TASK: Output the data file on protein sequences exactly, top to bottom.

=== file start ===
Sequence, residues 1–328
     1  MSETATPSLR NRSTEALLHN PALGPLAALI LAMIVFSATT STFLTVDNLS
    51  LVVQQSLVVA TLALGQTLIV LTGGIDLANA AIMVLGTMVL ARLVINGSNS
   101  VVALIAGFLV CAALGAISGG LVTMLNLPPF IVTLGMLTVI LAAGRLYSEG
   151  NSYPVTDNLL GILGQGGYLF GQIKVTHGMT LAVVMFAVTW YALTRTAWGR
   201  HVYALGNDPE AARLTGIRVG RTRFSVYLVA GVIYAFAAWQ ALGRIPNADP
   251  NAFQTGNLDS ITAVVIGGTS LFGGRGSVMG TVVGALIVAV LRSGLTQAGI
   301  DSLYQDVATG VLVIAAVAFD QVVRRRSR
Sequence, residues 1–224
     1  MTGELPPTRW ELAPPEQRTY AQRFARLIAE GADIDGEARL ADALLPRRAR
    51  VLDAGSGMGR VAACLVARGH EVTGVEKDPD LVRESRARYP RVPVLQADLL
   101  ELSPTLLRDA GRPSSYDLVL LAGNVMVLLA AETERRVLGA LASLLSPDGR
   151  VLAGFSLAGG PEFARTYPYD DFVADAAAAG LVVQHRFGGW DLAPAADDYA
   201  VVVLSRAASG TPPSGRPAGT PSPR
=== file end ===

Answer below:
Sequence, residues 1–328
     1  MSETATPSLR NRSTEALLHN PALGPLAALI LAMIVFSATT STFLTVDNLS
    51  LVVQQSLVVA TLALGQTLIV LTGGIDLANA AIMVLGTMVL ARLVINGSNS
   101  VVALIAGFLV CAALGAISGG LVTMLNLPPF IVTLGMLTVI LAAGRLYSEG
   151  NSYPVTDNLL GILGQGGYLF GQIKVTHGMT LAVVMFAVTW YALTRTAWGR
   201  HVYALGNDPE AARLTGIRVG RTRFSVYLVA GVIYAFAAWQ ALGRIPNADP
   251  NAFQTGNLDS ITAVVIGGTS LFGGRGSVMG TVVGALIVAV LRSGLTQAGI
   301  DSLYQDVATG VLVIAAVAFD QVVRRRSR
Sequence, residues 1–224
     1  MTGELPPTRW ELAPPEQRTY AQRFARLIAE GADIDGEARL ADALLPRRAR
    51  VLDAGSGMGR VAACLVARGH EVTGVEKDPD LVRESRARYP RVPVLQADLL
   101  ELSPTLLRDA GRPSSYDLVL LAGNVMVLLA AETERRVLGA LASLLSPDGR
   151  VLAGFSLAGG PEFARTYPYD DFVADAAAAG LVVQHRFGGW DLAPAADDYA
   201  VVVLSRAASG TPPSGRPAGT PSPR